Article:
Writing Processes – Part 11: The Evolution of Rejection
I joined the road paved with rejection slips in 1987, when I started sending out my early horror novel TERROR IN TANNER’S FIELD (mentioned in an earlier post). So by the time I received the publishing contract for SUFFER THE CHILDREN last year, I had been travelling that rejection road for over twenty years. And I’ve noticed some changes in that time.
I learned fairly early on that there was no point in sending your manuscript direct to publishers. You had to have an agent. I also learned that between UK and US agents, there was a difference in submission requirements. UK agents want the first three chapters and a synopsis. If they like what they see they will ask to see the full manuscript; if they don’t, they return the pages to you in the required SAE. There is one extra step with US agents, as they want a query letter first, then a partial if they like the query, then eventually the full manuscript (if you’re lucky).
In the early days, everyone wanted hard copy. I have spent many a lunch hour over the last twenty years queuing up in the Post Office, with my envelope containing my first three chapters or my short story, unsealed so when I got to the counter I could get it weighed to find out what the postage was going to be, get the equivalent amount for return postage, stick the return postage on the SAE before sealing the envelope, sticking the other stamps on the outside envelope and dropping the whole thing in the post box.
Having the pages returned to you, though, is often just a formality. When your pages come back to you in the SAE, they are generally in less than pristine condition and not really fit to be sent out to anyone else. After all, you don’t want to make a bad impression with agents and editors by submitting dog-eared and coffee-stained pages.
Submitting to international agents was even more of a challenge. Once upon a time you could send an international reply coupon, but over the years they became unpopular. It became easier to buy stamps whenever I went to the US, to use on SAEs when I submitted to American agents. But because I only visit the US once every couple of years I tended to stockpile the stamps, which would generally mean US postage would increase before I’d used all the stamps up, resulting in the necessity of trying to get hold of a load of 5-cent ones to make sure my SAE had the correct postage on.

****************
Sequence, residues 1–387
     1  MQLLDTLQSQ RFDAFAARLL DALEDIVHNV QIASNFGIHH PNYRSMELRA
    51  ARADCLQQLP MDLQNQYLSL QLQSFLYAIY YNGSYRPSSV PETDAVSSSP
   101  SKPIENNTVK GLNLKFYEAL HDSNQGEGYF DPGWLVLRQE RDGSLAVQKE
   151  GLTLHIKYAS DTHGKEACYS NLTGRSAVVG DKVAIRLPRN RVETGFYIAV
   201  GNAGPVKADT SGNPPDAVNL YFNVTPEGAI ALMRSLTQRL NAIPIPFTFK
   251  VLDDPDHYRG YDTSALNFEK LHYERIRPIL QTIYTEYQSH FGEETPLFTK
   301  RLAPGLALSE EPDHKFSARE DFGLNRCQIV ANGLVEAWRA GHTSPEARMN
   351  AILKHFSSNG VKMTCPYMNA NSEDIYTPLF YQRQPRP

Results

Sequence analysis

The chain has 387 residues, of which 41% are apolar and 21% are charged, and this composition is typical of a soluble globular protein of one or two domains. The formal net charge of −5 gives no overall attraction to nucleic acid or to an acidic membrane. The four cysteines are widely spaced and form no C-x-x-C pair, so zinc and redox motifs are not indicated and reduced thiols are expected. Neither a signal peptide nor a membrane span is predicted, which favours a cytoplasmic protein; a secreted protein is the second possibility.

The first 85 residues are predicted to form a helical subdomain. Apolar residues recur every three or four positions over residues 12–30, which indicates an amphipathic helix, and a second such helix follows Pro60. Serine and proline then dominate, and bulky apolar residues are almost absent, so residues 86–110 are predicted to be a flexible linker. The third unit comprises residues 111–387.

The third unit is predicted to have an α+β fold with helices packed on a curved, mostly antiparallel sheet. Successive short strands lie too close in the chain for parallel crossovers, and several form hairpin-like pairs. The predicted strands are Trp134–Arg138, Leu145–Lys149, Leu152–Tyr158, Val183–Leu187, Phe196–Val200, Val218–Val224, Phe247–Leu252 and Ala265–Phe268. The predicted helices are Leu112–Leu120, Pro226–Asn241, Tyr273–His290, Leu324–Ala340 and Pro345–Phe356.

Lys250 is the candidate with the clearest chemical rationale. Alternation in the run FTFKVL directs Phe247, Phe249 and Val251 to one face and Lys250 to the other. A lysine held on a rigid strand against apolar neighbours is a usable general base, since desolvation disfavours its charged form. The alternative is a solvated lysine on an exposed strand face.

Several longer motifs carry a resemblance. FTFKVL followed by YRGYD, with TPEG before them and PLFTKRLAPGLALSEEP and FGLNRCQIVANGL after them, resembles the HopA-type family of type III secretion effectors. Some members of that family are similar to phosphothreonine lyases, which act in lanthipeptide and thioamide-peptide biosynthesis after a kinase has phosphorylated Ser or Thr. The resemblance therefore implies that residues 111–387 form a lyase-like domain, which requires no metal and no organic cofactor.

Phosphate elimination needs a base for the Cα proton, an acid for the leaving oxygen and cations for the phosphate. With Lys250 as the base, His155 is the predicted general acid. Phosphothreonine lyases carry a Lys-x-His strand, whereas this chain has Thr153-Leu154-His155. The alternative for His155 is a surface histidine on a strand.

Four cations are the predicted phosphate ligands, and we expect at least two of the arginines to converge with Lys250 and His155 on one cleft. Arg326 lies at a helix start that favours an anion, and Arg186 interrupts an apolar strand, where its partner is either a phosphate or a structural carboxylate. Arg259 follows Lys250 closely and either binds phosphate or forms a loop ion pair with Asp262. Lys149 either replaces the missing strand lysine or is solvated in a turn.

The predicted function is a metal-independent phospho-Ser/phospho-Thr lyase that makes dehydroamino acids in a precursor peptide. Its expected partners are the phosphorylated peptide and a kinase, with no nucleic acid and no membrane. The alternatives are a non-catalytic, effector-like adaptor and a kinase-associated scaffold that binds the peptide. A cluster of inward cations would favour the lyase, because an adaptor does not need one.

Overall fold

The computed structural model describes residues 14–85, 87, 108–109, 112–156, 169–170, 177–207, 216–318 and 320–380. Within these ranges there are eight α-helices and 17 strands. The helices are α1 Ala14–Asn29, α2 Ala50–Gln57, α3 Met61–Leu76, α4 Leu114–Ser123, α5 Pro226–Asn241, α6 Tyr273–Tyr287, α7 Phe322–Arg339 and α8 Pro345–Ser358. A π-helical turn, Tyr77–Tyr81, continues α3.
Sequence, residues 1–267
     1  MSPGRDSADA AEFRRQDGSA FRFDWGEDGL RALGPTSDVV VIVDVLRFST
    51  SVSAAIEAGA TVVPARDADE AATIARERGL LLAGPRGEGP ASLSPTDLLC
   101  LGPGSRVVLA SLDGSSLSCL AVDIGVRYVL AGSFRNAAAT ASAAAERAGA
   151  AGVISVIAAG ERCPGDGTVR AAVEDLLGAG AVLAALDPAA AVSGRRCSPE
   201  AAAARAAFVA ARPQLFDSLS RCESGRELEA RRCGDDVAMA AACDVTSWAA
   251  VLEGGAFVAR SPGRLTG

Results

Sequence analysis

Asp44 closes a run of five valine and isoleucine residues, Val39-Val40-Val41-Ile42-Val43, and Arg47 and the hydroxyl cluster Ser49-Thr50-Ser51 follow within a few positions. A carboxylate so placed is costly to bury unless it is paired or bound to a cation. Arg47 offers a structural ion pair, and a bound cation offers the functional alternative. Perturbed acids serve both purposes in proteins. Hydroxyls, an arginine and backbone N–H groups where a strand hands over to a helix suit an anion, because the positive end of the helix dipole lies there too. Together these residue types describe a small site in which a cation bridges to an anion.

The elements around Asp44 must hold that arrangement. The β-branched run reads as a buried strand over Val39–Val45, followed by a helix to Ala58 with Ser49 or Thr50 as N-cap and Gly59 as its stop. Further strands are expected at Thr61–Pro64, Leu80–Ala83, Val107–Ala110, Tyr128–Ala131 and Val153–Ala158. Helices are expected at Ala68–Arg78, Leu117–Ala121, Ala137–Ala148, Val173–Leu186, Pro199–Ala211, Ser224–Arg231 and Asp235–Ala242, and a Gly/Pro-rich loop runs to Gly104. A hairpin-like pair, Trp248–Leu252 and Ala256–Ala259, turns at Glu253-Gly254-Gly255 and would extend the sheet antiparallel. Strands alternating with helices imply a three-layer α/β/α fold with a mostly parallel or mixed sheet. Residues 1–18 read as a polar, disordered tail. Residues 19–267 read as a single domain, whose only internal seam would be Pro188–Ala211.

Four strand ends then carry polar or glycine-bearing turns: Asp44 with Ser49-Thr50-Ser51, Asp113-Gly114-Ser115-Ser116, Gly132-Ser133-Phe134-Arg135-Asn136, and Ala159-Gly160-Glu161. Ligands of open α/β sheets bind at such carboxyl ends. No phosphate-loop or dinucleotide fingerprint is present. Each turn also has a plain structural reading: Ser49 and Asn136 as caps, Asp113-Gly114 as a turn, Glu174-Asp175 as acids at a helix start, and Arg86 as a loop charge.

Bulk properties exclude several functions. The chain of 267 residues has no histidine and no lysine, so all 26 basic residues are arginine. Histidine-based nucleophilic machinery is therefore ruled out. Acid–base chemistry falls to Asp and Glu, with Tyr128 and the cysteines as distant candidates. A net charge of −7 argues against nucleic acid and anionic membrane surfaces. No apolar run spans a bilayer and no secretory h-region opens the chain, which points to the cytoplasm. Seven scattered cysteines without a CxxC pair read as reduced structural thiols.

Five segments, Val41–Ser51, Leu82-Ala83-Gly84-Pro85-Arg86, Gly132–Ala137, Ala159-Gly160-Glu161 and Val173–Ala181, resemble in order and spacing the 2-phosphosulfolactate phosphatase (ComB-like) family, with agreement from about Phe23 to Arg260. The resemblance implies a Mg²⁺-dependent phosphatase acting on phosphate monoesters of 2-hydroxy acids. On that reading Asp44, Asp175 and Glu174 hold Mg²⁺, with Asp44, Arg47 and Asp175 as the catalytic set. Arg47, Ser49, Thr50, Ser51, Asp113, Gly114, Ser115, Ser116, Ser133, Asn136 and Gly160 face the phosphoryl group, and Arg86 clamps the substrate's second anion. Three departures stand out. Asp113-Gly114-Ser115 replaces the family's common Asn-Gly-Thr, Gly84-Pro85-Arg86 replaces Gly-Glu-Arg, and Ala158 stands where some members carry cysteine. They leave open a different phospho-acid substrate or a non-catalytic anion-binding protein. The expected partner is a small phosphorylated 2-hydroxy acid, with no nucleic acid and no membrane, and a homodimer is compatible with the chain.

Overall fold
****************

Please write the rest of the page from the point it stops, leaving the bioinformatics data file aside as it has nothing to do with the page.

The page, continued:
But then, a few years ago, things started to change. We began to see an increase in small, independent publishers, who were happy to look at unsolicited manuscripts from new writers. Often they wanted to look at the whole thing, not just three chapters. Sometimes they were even happy to have the file sent as an email attachment.
The new writer is no longer limited to sending their manuscript to agents. The number of independent publishers continues to grow, and most of them are still happy to look at unagented writers. And nowadays it’s not just the new publishing companies that will accept email submissions. Many agents will accept emails also (but not all – there is still a need to check the individual requirements carefully before submitting).
Email submissions are far better for the writer. No more queuing up in the post office; no more small fortunes being spent on stamps, printer ink, paper and envelopes.
There’s an old saying about most writers having enough rejection slips to wallpaper their office with. I still have that old file, labelled ‘rejections’, but I haven’t added anything to it for a while. But not because I haven’t been getting rejections. My most recent rejections are all saved on the PC, in a sub-folder of my email inbox called ‘rejections’.
And this is another advantage of how technology has made submissions better. Electronic files don’t bulk out the folder the way paper does. If you can’t see the rejection folder getting visibly fatter, you get far less depressed.